Just last week, athenahealth dethroned Epic for the KLAS award for best practice management software in practices of 75 physicians or less. Like Practice Fusion, athenahealth is cloud-based, which reduces the need, which small physicians never understood anyway, to run their own servers. Meanwhile, Practice Fusion received its Meaningful Use Stage 2 certification in mid-December, while some premise-based EHRs are still struggling to reach that goal.
Fewer Hassles for the Well-Wired
The digital divide persists. Many rural communities still lack high-speed Internet, so a Chromebook won't do them much good. Even in the wired communities, outages still happen – Google's Gmail had a hiccup last week that some people swore lasted all day, even though it lasted all of 30 minutes in most places. But these outages are becoming less commonplace.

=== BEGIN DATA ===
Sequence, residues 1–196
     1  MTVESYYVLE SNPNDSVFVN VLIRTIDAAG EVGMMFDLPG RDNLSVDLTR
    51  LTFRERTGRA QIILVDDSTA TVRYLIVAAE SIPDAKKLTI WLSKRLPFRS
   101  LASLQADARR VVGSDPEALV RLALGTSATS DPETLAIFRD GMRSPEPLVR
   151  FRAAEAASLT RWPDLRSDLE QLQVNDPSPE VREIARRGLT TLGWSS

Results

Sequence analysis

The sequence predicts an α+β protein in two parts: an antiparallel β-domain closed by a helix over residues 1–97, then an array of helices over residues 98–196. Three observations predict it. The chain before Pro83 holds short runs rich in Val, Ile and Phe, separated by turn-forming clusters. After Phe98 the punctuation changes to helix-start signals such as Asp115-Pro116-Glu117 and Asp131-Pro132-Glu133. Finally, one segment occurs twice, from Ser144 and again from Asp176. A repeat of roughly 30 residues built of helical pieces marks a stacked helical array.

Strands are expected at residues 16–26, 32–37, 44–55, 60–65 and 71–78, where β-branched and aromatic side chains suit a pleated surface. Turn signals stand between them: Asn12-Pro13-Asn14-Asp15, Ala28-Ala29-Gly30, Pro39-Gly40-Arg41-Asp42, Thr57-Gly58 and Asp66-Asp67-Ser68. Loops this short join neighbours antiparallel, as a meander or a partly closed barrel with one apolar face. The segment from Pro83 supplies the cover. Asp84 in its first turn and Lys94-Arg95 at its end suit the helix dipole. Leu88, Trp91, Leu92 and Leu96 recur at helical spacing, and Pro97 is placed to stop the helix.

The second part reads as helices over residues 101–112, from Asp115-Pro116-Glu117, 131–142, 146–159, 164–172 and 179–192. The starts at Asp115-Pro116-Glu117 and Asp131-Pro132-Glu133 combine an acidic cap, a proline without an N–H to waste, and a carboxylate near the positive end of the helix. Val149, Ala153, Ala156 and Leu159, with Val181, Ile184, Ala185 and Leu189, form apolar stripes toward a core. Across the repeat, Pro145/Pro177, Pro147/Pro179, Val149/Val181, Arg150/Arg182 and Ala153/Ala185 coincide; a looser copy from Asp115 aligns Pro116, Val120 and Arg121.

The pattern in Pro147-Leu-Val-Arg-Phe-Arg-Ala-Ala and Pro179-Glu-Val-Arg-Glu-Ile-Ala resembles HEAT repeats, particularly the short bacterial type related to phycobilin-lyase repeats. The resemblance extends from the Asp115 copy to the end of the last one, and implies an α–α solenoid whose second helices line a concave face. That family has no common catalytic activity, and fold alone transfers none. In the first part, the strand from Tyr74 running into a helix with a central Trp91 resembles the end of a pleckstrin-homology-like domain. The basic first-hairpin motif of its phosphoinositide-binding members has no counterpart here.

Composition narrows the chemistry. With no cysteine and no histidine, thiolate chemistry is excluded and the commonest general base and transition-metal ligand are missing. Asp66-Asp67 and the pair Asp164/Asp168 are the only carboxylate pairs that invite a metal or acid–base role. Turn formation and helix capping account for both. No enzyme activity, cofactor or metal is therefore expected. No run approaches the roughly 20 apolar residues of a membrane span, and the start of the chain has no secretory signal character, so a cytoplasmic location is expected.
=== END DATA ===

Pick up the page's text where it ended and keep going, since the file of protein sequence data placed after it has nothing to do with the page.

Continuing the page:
It's often argued that the true cost of IT is not in the hardware or the software, but in process or workflow redesign, in training, and in the thousand things that can go wrong with PCs—theft, missing backups, viruses, upgrade headaches, and plain old user error.
Some of this persists with the Practice Fusion PC-less model, but it's greatly reduced. Chromebooks don't get viruses. Data gets automatically backed up. Upgrades get automatically pushed to every account with a few days' notice to allow everyone to get used to the latest improvements.